The “gift” of civilization, as posited by the European arrivals and forced upon indigenous people throughout the era of colonization, we would like to formally decline. Rather, we invite you this year and going forward to put on your Abenaki glasses and see the world from a different perspective. Removal of a day to honor Columbus is a major step toward recognizing indigenous humanity and the validity of our cultures. Perhaps if mainstream Americans can begin to see the beauty of original peoples, our cultures and our unique ways of looking at the world, we can we move into a place of healing and community building — together. The replacement of Columbus Day is not rewriting history – what has happened has happened – it is an acknowledgement of the cost this “progress” has had on the indigenous populations. This is a day to affirm indigenous peoples and a day to mourn those people, human and non-human, that suffered.

Therefore, the Nulhegan Band, Koasek Band and Elnu Band see Indigenous Peoples’ Day as a time to reflect upon what has been lost but also as a formal exclamation to the world that we are still here. We have value and resilience. Much can be learned from the more than 500 nations that continue to exist on this continent. One of Columbus’ first acts as he landed in someone else’s homeland was to lay claim through right of discovery and to rename as a form of ownership. Indigenous Peoples’ Day is an acknowledgement that he failed. We still remember the names of these places and our relations and we have not forgotten our own name. For those outside of our memory, the mission remains to bring them home. This is still our homeland and the bones of our ancestors speak to us.

In conclusion, one of the legacies of Columbus is what NOT to do. When meeting new people, friendship is possible when you recognize their humanity; imagine a place where all can express their identity in a way that celebrates different ways of knowing! The governor’s proclamation for Indigenous Peoples’ Day has given us more of a voice and we as Abenakis invite people to seek out tribally sponsored events and have a conversation with us. This is a new world for everyone and moving forward let us all recognize that it can be created with understanding, cooperation, and reciprocity. There is a more beautiful world that is possible, let us shape it together.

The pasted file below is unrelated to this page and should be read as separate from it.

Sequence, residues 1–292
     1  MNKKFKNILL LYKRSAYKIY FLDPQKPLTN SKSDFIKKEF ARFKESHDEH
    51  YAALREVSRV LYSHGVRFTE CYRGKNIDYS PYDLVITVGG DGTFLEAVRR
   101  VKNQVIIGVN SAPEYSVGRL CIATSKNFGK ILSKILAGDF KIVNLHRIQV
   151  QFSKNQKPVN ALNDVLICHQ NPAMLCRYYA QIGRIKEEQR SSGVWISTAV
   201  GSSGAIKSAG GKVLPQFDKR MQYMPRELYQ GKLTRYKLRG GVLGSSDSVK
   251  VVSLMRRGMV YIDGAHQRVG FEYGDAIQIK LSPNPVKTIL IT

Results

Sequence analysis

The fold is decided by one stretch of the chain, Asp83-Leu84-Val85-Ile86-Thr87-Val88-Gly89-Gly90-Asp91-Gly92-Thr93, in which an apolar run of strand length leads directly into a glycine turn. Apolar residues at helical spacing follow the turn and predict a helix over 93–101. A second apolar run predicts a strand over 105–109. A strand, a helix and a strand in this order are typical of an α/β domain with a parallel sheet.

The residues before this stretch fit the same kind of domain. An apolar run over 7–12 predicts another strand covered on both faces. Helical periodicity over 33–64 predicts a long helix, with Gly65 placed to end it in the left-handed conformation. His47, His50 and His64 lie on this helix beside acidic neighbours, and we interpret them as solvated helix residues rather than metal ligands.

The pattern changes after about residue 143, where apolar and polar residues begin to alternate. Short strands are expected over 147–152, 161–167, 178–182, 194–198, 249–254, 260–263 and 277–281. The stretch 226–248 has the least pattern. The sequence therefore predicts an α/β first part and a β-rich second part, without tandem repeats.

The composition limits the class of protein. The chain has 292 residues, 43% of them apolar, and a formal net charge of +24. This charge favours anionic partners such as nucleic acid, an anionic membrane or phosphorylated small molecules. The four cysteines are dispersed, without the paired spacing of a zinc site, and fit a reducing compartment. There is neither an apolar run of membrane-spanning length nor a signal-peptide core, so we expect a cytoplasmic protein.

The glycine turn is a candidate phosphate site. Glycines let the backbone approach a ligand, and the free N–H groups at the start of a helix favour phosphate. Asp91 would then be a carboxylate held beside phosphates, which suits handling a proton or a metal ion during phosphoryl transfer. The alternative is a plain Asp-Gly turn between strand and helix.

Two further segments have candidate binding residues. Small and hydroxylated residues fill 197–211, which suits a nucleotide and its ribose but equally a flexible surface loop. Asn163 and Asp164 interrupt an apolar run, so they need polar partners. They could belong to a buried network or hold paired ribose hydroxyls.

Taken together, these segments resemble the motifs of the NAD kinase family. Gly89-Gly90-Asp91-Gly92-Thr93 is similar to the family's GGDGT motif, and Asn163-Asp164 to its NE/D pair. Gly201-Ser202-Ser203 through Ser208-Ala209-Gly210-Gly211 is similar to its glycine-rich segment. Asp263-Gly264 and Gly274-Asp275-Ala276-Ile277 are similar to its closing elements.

*****

Nialach! May it be so.

Published at vtdigger.org here.

pdf here: abenaki tribal statement indigenous peoples day

Advertisements

Wabanaki Confederacy 2017 at Kejimkujik Mi’kmaki

hugh akagi paasamaquoddy wabananaki confederacy 2017

Hugh Akagi thought about the future of the Wabanaki Confederacy while the partial eclipse was happening Monday afternoon.

The chief of the Passamaquoddy people in Canada had travelled from his home in St. Andrews, N.B. to Kejimkujik National Park near Maitland Bridge, N.S., to take part in the Wabanaki Confederacy’s four-day annual summer gathering.

Akagi and 40 other Indigenous people gathered at the national park Monday afternoon to take part in a traditional ceremony to light the sacred fire to start the confederacy’s event. They all watched as several people spent nearly an hour trying to light the fire with a single flint during the partial eclipse.

“I’m thinking the fire needs to come to life, the confederacy needs to come back to life,” Akagi explained following the ceremony.

“The confederacy has gone through some pretty dark years, pretty rough times as every individual tribe, every Native person has,” he said.

“How do we rekindle that fire, how to bring it to life? How do we bring back the songs?” he asked.

Read the full story from kukukwes.com.

TF School Board Creates Task Force for Mascot Decision

gill-montague-school-committee-meeting

The decision on a new mascot for Turners Falls High School will be made with the help of a community task force created by the Gill-Montague Regional School Committee.

The School Committee discussed the mascot selection process for about an hour and a half during its Tuesday night meeting, where it landed on the creation of an advisory task force that would be a mix of students, high school staff and community members — without district administration or School Committee members.

The task force will include up to eight students, four staff members and six community members: three from Montague, two from Gill and one from Erving.

Read the full article by Miranda Davis in the Greenfield Recorder.

Festival Goers Celebrate Native American Culture

gavin alden pocumtuck homelands festival recorder

As 64-year-old Lenny Novak of Wakefield, N.H. tended his booth at the Pocumtuck Homelands Festival Saturday, he reconnected with old friends and shared stories with new acquaintances.